If a single process has a particular file open, that file has a GUFD. If two thousands processes open the same file at the same time, that file still has a single GUFD.
When the last user of a file closes it, MPE generally does not deallocate the GUFD. Instead, it puts it on a list of recently "closed" GUFDs. It also doesn't deallocate the virtual space address range associated with the file, and it leaves in memory any pages associated with the file (presumably after making sure that any dirty ones are written to disk).
Later, when a process tries to FOPEN the file again, MPE checks to see if it is on the recently closed list ... if it is, then that GUFD is taken off the list and used again for the same file. When this happens, the same virtual address range is assigned to the file, which means that if pages of it were still in memory, the user may benefit (performance wise).
If the list gets too large, the oldest entries on the list will be deallocated and forgotten.
If the file isn't on the recently closed list, a fresh GUFD will
be allocated, along with a fresh virtual address range.
An Extent B-Tree is a virtual memory data structure that is used to map from a "file-relative" byte offset back to the equivalent page of disk storage. There is one entry in an extent B-tree for each extent of a file.
Each open file has its own extent B-tree.
Because there is one entry in an extent B-tree for each extent of a file, a 1 MB file with 100 extents will require a much larger extent B-tree than a 1 MB file with a single extent.
When a file is first opened, a GUFD is assigned and the file's extent blocks are read from the Label Table (where the file label is stored), and the extent B-tree is created.
For this tutorial, "database" refers only to IMAGE/SQL databases.
FOS (Fundamental Operating System) is the set of software that is bundled as part of MPE.
Now that we've defined terms, let's explore: volume sets, disks, label tables, file labels, open files and databases.
Exploring: Volume Sets
MPE appears to lack a command to display all defined volume sets, although it does have one that will tell us what volume sets are currently mounted.
The DSTAT command, part of FOS, will quickly show all mounted volume sets (and volumes):
:DSTAT ALL LDEV-TYPE STATUS VOLUME (VOLUME SET - GEN) --------- -------- -------------------------- 1-C2474S MASTER MEMBER1 .....(MPEXL_SYSTEM_VOLUME_SET-0) 2- 022030 MASTER MASTER (USERS-0) 3- 022030 MEMBER USER2 (USERS-0) 4- 022030 MEMBER USER3 (USERS-0)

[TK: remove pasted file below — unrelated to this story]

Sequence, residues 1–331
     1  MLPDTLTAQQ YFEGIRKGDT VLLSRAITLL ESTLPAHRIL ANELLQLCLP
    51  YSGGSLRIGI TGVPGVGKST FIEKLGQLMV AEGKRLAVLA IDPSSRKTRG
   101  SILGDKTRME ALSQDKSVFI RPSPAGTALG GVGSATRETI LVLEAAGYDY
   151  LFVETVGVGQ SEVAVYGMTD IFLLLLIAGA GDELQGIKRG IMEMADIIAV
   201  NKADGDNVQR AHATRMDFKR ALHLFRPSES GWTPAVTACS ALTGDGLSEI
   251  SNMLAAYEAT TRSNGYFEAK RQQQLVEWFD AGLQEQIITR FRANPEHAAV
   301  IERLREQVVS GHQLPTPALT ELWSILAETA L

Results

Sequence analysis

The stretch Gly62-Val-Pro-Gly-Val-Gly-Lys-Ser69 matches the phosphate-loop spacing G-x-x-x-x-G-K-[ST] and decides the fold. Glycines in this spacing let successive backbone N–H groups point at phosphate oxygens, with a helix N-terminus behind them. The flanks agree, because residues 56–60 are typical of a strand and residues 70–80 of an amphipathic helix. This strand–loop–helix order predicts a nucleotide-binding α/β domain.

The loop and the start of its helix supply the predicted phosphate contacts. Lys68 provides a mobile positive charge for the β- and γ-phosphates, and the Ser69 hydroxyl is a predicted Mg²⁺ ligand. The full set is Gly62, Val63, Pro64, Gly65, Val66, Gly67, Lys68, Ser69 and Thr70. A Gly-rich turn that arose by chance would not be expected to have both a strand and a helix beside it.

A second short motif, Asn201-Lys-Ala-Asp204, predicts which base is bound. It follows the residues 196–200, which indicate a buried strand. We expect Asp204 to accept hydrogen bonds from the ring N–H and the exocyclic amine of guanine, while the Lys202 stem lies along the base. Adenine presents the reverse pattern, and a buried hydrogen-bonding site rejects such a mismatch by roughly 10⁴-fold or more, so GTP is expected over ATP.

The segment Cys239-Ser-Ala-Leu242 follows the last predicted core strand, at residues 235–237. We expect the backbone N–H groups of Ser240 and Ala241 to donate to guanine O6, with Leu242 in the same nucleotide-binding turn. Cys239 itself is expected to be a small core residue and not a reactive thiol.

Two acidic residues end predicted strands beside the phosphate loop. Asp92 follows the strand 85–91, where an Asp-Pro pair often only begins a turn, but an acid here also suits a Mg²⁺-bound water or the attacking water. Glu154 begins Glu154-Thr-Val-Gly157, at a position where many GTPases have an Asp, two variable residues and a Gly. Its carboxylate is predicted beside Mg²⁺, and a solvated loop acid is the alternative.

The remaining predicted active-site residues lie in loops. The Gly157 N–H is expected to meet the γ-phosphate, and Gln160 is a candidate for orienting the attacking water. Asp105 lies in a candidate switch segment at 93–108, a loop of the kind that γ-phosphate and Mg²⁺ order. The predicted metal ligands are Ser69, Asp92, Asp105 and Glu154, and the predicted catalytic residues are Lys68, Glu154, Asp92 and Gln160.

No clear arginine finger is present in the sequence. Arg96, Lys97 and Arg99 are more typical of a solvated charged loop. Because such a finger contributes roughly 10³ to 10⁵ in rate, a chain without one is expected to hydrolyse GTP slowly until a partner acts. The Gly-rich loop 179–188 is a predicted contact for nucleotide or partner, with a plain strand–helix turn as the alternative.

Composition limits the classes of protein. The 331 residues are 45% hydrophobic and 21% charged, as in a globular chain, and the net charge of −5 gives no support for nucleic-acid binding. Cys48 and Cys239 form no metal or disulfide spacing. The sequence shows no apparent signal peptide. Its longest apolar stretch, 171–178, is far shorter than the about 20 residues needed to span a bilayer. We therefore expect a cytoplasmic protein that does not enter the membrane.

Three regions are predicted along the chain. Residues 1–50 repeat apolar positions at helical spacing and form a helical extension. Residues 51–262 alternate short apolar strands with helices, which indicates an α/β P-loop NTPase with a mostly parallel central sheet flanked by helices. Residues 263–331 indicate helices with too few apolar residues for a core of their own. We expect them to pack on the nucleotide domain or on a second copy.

This shows us that two volume sets are currently mounted:
MPEXL_SYSTEM_VOLUME_SET and USERS. Note that the master volume for USERS is called "MASTER" ... a distinctly uninformative name. I'm at fault here, and if I were to rebuild this volume set again, I'd call the master volume USER1.
Note: some users name their volumes after the ldev they were initially created on. This may not be desirable, for a variety of reasons, including the fact that the ldev to volume name mapping may change if the disks are moved around or the ldevs are changed.
De-Frag/X also has a DSTAT command, which provides more internal information:
:defragx dstat all Ldev mvid Volume Set Name :Volume Name Physical Path ---- ---- ---------------------------- ---------------- ------------- 1 1 MPEXL_SYSTEM_VOLUME_SET :MEMBER1 52.6.0 2 2 USERS :MASTER 48.0.2 3 3 USERS :USER2 48.0.3 4 4 USERS :USER3 48.0.4 16 (not "mounted") S y s Ldev ? MVT entry LM Area SSMdevinf SSM map #Pages #MBs #SSMupdate ---- - --------- --------- --------- --------- ------ ----- ---------- 1 Y $c3fd8e00 $c3fd8f84 $c3fd8eac $d2c00000 330,884 1,292 1,591,869 2 $c3fd9000 $c3fd9184 $c3fd90ac $d5288000 163,736 639 78,701 3 $c3fd9200 $c3fd9384 $c3fd92ac $d52a8000 163,736 639 71,248 4 $c3fd9400 $c3fd9584 $c3fd94ac $84bb8000 163,736 639 55,544 16 $00000000 (not fully mounted) Ldev LT GUFD LT Header LT EOF Sectrs Version SecSize ---- --------- --------- --------- ------ -------- ------- 1 $ca000054 $011.$300 $00900f00 1,760 A.00.00 512 2 $ca00b43c $125.$300 $00900f00 1,440 A.00.00 256 3 $ca00b764 $129.$300 $00900f00 1,440 A.00.00 256 4 $ca00b8f8 $12c.$300 $00900f00 1,440 A.00.00 256 16 (not "mounted")
Note the "#SSMupdate" column. This is the approximate number of disk space allocations and deallocations (combined) that have occurred on the disk drive. MPE may drop this number to zero from time to time, although I haven't noticed it yet.
The DISCFREE command, part of FOS, will also give us an insight into volume sets volumes:
:discfree c DISCFREE A.50.01 Copyright (C) Hewlett-Packard 1992. All rights reserved. FRI, AUG 11, 1995, 6:46 PM ALL MEASUREMENTS ARE IN SECTORS. ALL PERCENTAGES ARE RELATIVE TO THE DEVICE SIZE. | Configured | In Use | Available | -----------+-------------------+-------------------+-------------------+ LDEV : 1 -- (MPEXL_SYSTEM_VOLUME_SET:MEMBER1) Device | 5294144 | 4483344 ( 85%) | 810800 ( 15%) | Permanent | 4923552 ( 93%) | 4095248 ( 77%) | 810800 ( 15%) | Transient | 5294144 (100%) | 388096 ( 7%) | 810800 ( 15%) | LDEV : 2 -- (USERS:MASTER) Device | 2619776 | 2551488 ( 97%) | 68288 ( 3%) | Permanent | 2619776 (100%) | 2551488 ( 97%) | 68288 ( 3%) | Transient | 2619776 (100%) | 0 ( 0%) | 68288 ( 3%) | ... TOTALS : Device | 13153472 | 12096208 ( 92%) | 1057264 ( 8%) | Permanent | 12756688 ( 97%) | 11708112 ( 89%) | 1031072 ( 8%) | Transient | 13101072 (100%) | 388096 ( 3%) | 1057264 ( 8%) |
DISCFREE has five different formats for its output, if you run it without specifying an output format, it will prompt you for one.
De-Frag/X also has a form of the DISCFREE command: